Overhead variations such as the strict press will build up strength through your upper body whilst your core works to hold everything together. This type of movement is one of the lesser used movements in day to day activities so be prepared for some muscle soreness.
CrossFit has brought great publicity to Olympic lifts. This is one of my favourite aspects of CF programming due to its technical difficulty.
The snatch and the clean and jerk require hours of practice to dial in each part of the movement.
Coaches will dissect the movements into different stages to help explain each part singularly. From here it is common to get used to the pull, hip thrust and shrug aspects using a PVC/plastic pipe. The pipe is lightweight which allows you to move freely and safely whilst trying out this new found skill. It is also a great tool for mobilising before you begin.
As a beginner, I was absolutely hopeless and it took lots of practice before I began to feel comfortable. It’s a great challenge and hugely enjoyable.
The body, when used correctly can provide enough stimulation for muscle growth and fat loss. CF uses plenty of bodyweight movements in its programming. I’ll break down a few of the movements that you can expect to find in your new fitness program:
Push Ups – The humble push up is great for building upper body strength. CF standards look for one smooth press, with your chest and hips moving in line with one another. Scaling this movement down, you can start with a press from the kneeling position whilst you build the required strength.
Sit Ups – CF has come up with a unique position (that I had not encountered before) to really isolate the abdominal muscles during the sit-up movement. Expect to start with your hands fully behind your head, an ab-mat beneath your lower back for support and your feet brought together comfortably out front. In an explosive movement, calling on all of your core muscles, you go from lying to a seated position with your hands in front of your toes. To count the rep your shoulders must pass in front of your hips.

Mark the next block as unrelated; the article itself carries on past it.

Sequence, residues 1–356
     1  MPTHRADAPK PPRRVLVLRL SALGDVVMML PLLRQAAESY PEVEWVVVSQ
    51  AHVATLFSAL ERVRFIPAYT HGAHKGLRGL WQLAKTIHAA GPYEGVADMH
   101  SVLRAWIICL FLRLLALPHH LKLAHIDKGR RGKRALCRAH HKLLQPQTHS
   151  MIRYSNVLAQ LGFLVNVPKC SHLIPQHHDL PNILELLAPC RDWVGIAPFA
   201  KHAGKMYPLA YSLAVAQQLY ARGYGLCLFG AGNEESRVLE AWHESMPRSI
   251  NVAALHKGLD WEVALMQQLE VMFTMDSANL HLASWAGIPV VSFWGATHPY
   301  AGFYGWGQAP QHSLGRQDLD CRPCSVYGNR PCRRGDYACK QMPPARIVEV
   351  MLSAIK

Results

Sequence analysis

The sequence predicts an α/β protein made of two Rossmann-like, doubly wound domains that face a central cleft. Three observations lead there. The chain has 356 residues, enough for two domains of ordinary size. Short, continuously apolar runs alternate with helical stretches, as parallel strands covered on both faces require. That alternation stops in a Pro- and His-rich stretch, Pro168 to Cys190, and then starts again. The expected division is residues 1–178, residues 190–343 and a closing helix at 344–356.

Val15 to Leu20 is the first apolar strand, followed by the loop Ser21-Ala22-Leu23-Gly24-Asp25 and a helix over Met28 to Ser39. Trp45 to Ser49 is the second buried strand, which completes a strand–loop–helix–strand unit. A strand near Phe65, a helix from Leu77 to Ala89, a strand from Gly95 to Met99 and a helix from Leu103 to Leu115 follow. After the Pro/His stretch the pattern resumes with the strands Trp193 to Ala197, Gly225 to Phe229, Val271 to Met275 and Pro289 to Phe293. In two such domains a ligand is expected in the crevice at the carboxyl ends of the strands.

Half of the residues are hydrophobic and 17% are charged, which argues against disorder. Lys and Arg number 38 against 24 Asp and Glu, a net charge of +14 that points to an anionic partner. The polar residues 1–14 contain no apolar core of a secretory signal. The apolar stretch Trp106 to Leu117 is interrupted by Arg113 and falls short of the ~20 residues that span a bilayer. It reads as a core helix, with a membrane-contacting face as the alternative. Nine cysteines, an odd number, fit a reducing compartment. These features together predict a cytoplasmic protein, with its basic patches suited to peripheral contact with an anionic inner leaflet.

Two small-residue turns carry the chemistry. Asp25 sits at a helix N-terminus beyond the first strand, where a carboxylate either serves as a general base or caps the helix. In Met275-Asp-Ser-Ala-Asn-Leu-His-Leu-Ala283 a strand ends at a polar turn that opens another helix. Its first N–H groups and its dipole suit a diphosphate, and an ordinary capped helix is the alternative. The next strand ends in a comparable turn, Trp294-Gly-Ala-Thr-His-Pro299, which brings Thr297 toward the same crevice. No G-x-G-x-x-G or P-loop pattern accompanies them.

Pull Ups – This is a measure of your strength to weight ratio. Pulling yourself from fully extended arms to chin above the bar doesn’t come easy. Expect your coach to utilise resistance bands or jumping movements to start building the strength in your back and arms to complete this move. Comfortable with strict pull ups? Expect to learn about kipping movements to efficiently use your strength over increased repetitions.
Air Squats – Squatting with just your bodyweight. This move will highlight any mobility issues you may have, expect your coaches to talk you through some stretches if this is the case.
Burpees – Normally used for punishment if you are late or forget to tidy up your kit! One of the most demanding bodyweight movements when using increased reps. I will leave the explanation to your coaches, they love to talk you through this particular movement.
The movements mentioned are just a few of the basics. As you perfect these moves expect to find yourself completing more demanding moves such as muscle ups, toes to bar, ascending ropes and fumbling with gymnastic rings.